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What do pigs and a guitar have in common?



Luke Bryan loves them both!

The National Pork Board has partnered with Luke Bryan, to help dispel some of the negativity surrounding swine production. It is always nice to see celebrities giving back. Luke Bryan just finished up his annual farm tour in September. And continues as a new celebrity face in the swine industry.



On to less fun topics..... it's that smelly time of year, to empty the hog pits. For the non-pig producers.... the pig manure is a great source of Nitrogen, Phosphorus and Potassium. The liquid manure is pumped out of the pits, hauled to fields and knifed into the ground. Soybeans and corn are usually rotationally planted. Corn needs lots of nitrogen to grow.... so the manure is applied into bean stubble, for next seasons corn crop.


Everyone is tired from harvest and anxious to finish fall work, before the weather decides to turn.... Here are some tips I borrowed from UMN Extension and MN Pork/Pork Check-Off to briefly touch and manure pumping safety.


All members of the farm family/farm operation need to be aware of the dangers when pumping... Sinage should be placed for non-farm guests to be aware of the gas dangers. No one should enter barns being pumped. An emergency plan should also be in place.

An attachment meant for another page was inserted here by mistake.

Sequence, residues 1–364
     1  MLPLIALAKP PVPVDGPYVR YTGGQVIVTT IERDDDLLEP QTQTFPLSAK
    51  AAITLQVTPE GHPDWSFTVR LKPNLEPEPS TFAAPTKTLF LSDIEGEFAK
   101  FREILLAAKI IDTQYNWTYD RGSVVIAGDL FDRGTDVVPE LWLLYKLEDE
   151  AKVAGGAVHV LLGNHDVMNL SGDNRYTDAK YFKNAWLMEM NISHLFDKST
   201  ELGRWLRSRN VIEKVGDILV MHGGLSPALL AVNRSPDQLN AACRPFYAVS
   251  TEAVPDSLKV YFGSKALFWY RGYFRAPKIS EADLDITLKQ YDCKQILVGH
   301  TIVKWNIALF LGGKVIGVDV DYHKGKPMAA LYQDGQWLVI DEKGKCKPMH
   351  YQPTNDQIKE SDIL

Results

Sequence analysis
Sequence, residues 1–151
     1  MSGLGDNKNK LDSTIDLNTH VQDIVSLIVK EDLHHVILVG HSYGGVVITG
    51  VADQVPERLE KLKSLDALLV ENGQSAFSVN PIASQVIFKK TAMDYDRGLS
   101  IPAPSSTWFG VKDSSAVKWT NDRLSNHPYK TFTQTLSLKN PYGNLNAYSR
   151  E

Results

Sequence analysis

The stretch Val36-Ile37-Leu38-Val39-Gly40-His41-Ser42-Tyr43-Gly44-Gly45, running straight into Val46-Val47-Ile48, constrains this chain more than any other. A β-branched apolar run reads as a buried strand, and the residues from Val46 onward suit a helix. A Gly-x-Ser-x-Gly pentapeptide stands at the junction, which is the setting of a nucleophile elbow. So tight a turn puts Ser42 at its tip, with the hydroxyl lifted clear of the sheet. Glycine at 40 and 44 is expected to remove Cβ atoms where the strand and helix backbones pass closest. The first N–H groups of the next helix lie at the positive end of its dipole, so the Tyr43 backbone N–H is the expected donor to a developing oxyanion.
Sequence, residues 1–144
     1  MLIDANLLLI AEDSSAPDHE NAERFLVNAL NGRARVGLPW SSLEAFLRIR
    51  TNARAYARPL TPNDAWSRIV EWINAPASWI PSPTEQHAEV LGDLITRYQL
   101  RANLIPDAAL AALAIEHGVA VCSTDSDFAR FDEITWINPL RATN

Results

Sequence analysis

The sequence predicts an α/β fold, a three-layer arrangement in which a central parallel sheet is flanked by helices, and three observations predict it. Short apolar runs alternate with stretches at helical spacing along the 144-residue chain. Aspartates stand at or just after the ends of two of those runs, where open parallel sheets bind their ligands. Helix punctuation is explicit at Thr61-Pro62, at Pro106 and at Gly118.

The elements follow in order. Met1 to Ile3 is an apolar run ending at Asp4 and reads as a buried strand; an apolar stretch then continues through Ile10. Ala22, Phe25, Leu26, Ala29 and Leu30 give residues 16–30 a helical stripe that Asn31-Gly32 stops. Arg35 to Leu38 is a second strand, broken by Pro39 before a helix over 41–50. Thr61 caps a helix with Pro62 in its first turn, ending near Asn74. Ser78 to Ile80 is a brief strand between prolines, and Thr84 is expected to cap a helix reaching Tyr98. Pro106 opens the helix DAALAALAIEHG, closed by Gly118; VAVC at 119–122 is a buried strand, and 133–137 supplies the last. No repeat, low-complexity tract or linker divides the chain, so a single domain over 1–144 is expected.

Hydrogen sulfide is the biggest concern when working with pig manure.... it can kill a barn full of pigs as well as any humans that enter the environment, it is also highly flammable. The levels can change quickly, and can form pockets. Hand held hydrogen sulfide meters only cost $150 and up... cheap re-assurance for entering a barn.


Considerations:

Agitation:

  • Consider minimal or no agitation until manure level is 1.5-2 foot below pump-out port. Avoid aggressive agitation when animals are in building. Stop agitating when bottom nozzle is less than 6 inches below manure surface.


Ventilation (Curtain-Side):

  • Warm Days: If winds excede 5mph, open curtains and run all exhaust fans. If calm, leave sidewall curtains closed and run all exhaust fans. If 50% or > pit fans must be left idle, curtains should be open regardless of wind speed.

  • Cold Days: Large pigs, leave curtains closed and run all exhaust fans. For smaller pigs, generally all pit fans and 1-2 wall fans.

  • Continue to ventilate for 1-2 hours after pumping.

Secure all pit covers and pump-outs!!!!




Happy and Safe pumping to all..... the end is near.... sending thoughts of ocean breezes and warm beaches...


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